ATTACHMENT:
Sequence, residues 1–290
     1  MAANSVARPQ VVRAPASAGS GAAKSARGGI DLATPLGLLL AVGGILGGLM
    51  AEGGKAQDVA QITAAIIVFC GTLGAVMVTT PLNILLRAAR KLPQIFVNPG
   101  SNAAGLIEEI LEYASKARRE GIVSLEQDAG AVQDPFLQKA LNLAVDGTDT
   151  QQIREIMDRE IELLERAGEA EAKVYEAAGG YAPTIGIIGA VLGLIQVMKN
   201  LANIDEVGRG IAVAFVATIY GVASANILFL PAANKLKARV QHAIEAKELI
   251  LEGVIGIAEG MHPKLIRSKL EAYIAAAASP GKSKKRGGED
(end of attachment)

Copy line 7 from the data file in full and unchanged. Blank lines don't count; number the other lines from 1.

   251  LEGVIGIAEG MHPKLIRSKL EAYIAAAASP GKSKKRGGED